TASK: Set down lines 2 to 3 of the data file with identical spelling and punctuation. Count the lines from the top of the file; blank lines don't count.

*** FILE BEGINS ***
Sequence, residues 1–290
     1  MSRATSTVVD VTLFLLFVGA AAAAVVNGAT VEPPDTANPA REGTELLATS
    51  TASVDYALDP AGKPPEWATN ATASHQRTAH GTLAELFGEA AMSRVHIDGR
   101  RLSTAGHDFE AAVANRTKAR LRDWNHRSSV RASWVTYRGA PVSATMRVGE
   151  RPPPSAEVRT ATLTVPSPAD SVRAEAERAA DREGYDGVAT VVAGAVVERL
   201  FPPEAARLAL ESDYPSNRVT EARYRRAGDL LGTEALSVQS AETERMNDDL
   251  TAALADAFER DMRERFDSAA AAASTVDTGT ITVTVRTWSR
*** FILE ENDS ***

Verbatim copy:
     1  MSRATSTVVD VTLFLLFVGA AAAAVVNGAT VEPPDTANPA REGTELLATS
    51  TASVDYALDP AGKPPEWATN ATASHQRTAH GTLAELFGEA AMSRVHIDGR